First and foremost it wasn't a 2 hour ride. I thought somewhere in the region of 3 hours but that was without allowing time for the climb...and what a bloody climb! Once you treck the 37.5km through Vancouver to the base of Seymour your greeted with the one road sign you don't want to see when on a bike "Danger road steep ahead, gear down for the next 12.5 km - 12%". Boy were they not exaggerating, you turned a corner into the National Park and the road just climbed, it was granny gear stuff...and hard granny gear stuff. Then the rain came on. Time for "Eye of the tiger"...out came the iPod...on came the Montage music. I climbed and climbed and climbed. After having left campus at near enough 6am in the pitch black, it was now 0830, pouring rain and I was over 40km from home...and still climbing. The hill just doesn't give up, I was on it for just under 1 hour 10 minutes...how good did it feel at the top? Awesome. From the ski station at the peak you could see America, all of Vancouver and through to Vancouver Island, worth it!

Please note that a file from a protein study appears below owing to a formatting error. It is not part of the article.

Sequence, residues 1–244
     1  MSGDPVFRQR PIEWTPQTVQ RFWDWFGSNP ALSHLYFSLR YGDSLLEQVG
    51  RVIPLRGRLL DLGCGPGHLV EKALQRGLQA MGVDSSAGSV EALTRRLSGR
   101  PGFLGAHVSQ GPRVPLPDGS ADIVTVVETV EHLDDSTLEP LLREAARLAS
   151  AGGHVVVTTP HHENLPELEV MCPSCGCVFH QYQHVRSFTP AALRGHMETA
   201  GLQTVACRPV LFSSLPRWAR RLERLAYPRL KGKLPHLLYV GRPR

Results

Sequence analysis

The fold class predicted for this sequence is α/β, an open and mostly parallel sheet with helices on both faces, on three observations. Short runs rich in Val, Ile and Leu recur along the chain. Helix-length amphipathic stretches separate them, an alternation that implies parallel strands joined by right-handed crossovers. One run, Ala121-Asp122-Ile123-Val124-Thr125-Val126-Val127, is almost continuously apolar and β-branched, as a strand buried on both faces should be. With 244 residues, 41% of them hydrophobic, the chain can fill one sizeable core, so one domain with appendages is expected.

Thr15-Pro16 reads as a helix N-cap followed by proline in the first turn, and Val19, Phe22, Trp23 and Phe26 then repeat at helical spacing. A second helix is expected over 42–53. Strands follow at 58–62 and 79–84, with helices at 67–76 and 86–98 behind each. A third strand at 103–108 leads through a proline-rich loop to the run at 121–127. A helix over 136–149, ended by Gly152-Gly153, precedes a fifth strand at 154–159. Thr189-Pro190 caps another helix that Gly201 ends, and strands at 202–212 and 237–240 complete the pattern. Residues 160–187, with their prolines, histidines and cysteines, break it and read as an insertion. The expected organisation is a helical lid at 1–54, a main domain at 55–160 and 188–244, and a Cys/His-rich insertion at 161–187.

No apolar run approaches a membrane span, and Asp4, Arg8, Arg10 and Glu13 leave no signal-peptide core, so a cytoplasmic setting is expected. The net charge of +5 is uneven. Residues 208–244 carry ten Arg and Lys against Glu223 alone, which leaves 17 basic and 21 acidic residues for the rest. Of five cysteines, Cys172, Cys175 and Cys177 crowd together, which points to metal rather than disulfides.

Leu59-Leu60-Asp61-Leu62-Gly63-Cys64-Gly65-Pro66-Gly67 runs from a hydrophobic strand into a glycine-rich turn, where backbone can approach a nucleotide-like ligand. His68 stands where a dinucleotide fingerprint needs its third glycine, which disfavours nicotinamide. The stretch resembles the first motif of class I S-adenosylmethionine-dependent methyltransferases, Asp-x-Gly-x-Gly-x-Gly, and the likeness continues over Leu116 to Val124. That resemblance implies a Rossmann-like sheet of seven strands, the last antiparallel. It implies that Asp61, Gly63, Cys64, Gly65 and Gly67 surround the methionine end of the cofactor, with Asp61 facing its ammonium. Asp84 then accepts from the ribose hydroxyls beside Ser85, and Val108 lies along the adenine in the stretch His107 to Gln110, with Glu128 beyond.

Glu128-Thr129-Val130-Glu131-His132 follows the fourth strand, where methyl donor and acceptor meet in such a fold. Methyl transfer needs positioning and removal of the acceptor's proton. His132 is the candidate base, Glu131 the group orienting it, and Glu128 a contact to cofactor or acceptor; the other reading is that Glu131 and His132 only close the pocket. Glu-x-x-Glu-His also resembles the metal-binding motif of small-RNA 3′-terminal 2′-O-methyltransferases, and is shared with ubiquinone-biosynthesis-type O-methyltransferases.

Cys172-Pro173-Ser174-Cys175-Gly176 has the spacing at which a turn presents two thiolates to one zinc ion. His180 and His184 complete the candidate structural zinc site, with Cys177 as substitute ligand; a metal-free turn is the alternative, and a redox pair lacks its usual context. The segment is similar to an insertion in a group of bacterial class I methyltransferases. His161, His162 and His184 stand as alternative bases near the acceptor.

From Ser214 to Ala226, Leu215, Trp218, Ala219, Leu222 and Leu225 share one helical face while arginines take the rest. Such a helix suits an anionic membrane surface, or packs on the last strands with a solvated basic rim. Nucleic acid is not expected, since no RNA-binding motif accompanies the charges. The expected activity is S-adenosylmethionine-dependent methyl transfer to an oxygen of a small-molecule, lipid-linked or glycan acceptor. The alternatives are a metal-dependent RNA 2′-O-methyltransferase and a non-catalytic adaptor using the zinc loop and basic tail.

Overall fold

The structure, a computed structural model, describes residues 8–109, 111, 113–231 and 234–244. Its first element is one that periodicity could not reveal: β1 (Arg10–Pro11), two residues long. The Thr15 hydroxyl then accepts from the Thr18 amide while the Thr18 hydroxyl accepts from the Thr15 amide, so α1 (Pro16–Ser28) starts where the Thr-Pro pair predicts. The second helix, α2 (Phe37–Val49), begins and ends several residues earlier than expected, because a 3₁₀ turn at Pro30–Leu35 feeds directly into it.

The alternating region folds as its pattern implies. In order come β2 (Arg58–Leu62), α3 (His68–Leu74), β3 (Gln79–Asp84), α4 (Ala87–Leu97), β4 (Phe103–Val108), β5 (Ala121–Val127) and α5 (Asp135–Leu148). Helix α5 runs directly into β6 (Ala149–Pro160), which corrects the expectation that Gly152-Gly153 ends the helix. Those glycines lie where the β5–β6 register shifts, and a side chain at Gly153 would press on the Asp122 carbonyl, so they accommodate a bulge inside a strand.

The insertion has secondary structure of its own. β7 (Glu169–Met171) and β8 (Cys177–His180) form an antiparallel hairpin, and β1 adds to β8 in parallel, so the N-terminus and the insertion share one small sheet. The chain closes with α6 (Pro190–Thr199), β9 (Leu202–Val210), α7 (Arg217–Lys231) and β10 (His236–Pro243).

But that was before the decent...then the climbing paid off! After over an hour going up I was at the bottom within 12 minutes. 80kmph on the straight bits, 50 on the corners and an avg of 70 for the way down, never been so fast in my life! Two dog walkers waved near the bottom laughing at the grin on my face, nothing could stop me now so I forgot all about the time and cruised on home for only my second 4 + hour ride ever. This floored me as you can imagine so I've been loading up with food all day, napped this afternoon and will have a big dinner before my swim set tonight.
This kind of training is what I love, the long hard stuff, the rain soaked, 12% gradient but "still going to give it a go" type stuff. I was told when I started the sport last year I would get hooked and never want to stop, well I'm definately hooked...and I can't see myself stopping any time soon. I am keeping tabs on my distances so don't worry I won't over do it,
but all seriousness aside ...
this is so much fun!
Friday, 19 September 2008
Back to normal.